EB5 investors who compile a detailed, comprehensive, and accurate I-526E petition package will likely see United States Citizenship and Immigration Services approval without delay. However, this is not always the case, as some I-526E petitions are not straightforward enough under the eyes of United States Citizenship and Immigration Services. If United States Citizenship and Immigration Services requires more information or clarification, the investor will receive a request for evidence (RFE).
What is an RFE?
United States Citizenship and Immigration Services governs the structure of EB5 projects, how the investments are made, and ensures projects remain in compliance with program regulations. If an EB5 investor’s I-526E petition includes inaccurate, incomplete, or inconsistent information, United States Citizenship and Immigration Services will issue an RFE.
Some common reasons for being issued an RFE USCIS include inadequate details regarding the EB5 project or a lack of third-party evidence backing the project’s usefulness. Issues with information in the business plan are a common cause of RFEs as well. Discrepancies between budgets or operating dates, or in-sufficient evidence behind the project’s job creation potential and funding plans can cause United States Citizenship and Immigration Services to send out an RFE. Investors must make sure their business plans are free from inaccurate or inconsistent information before filing the petition. Assistance from experienced attorneys in immigration law is highly recommended for this process.
While receiving an RFE USCIS is a setback in an investor’s EB5 timeline, it does not automatically entail I-526E petition denial. Additionally, not receiving an RFE does not mean the petition will be approved. An RFE simply means United States Citizenship and Immigration Services is seeking additional information regarding the petition, and there is some missing evidence. United States Citizenship and Immigration Services will provide the investor with concise direction on what missing evidence is needed. Once the requested information is provided, United States Citizenship and Immigration Services can reevaluate the petition. In essence, investors can view RFEs as a second opportunity to provide additional evidence.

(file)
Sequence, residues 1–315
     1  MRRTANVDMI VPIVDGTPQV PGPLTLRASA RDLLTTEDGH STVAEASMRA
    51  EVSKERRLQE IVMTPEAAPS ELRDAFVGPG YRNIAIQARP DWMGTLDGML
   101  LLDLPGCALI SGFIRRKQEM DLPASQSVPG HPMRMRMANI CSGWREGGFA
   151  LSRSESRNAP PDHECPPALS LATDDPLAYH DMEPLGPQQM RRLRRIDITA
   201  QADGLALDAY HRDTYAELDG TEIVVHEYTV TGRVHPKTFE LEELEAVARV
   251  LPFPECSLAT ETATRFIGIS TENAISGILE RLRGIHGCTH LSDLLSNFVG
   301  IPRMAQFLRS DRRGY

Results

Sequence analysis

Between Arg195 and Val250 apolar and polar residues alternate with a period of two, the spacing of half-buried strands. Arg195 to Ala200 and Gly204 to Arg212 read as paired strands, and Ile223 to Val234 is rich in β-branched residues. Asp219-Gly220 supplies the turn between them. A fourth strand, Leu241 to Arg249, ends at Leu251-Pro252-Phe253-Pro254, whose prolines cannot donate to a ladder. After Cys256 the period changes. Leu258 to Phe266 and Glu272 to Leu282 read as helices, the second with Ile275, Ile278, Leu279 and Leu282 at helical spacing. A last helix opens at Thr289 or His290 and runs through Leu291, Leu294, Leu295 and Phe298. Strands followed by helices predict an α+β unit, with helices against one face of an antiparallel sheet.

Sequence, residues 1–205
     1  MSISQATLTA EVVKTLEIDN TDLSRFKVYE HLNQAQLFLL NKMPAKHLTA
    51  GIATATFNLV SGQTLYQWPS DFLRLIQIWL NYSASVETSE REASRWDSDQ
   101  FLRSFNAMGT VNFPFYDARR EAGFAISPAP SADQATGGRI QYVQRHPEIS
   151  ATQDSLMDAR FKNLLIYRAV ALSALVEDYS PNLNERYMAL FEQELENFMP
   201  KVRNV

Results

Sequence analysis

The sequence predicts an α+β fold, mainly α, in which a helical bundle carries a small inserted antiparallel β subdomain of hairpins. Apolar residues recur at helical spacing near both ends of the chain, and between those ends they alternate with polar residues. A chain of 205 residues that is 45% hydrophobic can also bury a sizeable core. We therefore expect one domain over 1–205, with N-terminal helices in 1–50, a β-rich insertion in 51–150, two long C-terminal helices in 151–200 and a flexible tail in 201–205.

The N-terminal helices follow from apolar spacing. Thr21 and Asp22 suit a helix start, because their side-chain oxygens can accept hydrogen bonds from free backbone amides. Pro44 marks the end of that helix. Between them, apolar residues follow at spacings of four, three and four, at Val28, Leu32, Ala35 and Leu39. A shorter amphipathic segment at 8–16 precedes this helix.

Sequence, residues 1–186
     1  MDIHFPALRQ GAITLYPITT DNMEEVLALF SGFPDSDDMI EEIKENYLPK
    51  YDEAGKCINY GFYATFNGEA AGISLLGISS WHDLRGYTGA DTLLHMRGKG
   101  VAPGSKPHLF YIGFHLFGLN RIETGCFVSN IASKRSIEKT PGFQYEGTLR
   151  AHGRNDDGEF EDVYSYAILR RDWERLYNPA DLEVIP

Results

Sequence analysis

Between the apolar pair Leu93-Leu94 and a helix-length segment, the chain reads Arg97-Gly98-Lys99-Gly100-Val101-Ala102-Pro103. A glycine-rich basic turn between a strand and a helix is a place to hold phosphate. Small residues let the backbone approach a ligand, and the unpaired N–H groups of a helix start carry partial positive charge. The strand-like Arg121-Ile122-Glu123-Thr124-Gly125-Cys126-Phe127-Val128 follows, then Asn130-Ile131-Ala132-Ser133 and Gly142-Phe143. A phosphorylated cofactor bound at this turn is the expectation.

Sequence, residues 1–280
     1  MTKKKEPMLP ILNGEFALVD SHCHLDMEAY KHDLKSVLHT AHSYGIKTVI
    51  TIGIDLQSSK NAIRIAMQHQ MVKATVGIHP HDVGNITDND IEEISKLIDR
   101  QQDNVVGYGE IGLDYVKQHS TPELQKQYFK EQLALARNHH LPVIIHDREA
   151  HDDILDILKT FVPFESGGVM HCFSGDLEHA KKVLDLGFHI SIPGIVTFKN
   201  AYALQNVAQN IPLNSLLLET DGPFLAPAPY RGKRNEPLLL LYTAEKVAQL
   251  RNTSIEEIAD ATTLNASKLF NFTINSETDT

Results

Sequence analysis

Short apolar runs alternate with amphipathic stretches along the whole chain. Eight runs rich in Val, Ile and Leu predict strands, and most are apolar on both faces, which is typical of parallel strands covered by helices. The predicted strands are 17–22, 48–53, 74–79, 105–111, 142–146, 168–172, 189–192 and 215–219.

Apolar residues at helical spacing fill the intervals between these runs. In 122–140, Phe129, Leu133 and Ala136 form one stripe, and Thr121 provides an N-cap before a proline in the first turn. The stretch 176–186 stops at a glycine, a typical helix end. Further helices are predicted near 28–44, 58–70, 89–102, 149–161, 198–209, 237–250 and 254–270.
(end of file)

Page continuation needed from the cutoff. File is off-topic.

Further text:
How to Respond to an RFE
Investors must respond to RFEs fully, accurately, and promptly. Upon receiving an RFE, the EB5 applicant has a limited time to respond. Moreover, once an RFE is issued, case adjudication is halted. Failure to respond before the deadline will likely result in petition denial.
Most RFEs can be responded to in a similar manner. These steps include the following:
- All RFEs will clearly state what information is required from the investor. For example, they may ask for required initial evidence in the form of documents or third-party appraisals. To successfully respond to an RFE, an investor must first carefully note its contents to identify what additional evidence is needed.
- Investors must write a cover letter explaining which documents of additional evidence are being provided in the RFE response. This should include a list of every new piece of evidence and which request they each relate to; preferably in the same order used within the RFE. This step allows United States Citizenship and Immigration Services to more efficiently assess the new information.
- Following the cover letter, investors should attach all forms and documents that were requested in the RFE. To streamline the RFE response process, this requested evidence must be well-organized.
RFEs Can Be Responded Successfully
Not every investor will be issued an RFE during their EB5 timeline. However, receiving an RFE EB5 does not mean one’s I-526E petition will be denied. United States Citizenship and Immigration Services simply requires additional information to the evidence submitted. While RFEs create delays, investors can view them as a second chance to prove their eligibility through the requested evidence. Those who receive I-526E approval can move on to securing permanent residency status through the EB5 visa.
While obtaining I-526E petition approval can be a complex process, investors should not be discouraged. With the help of industry professionals, immigration via the EB5 program can be a smooth and delay-free process. For guidance on Form I-526E, responding to RFEs, and more, contact EB5AN today.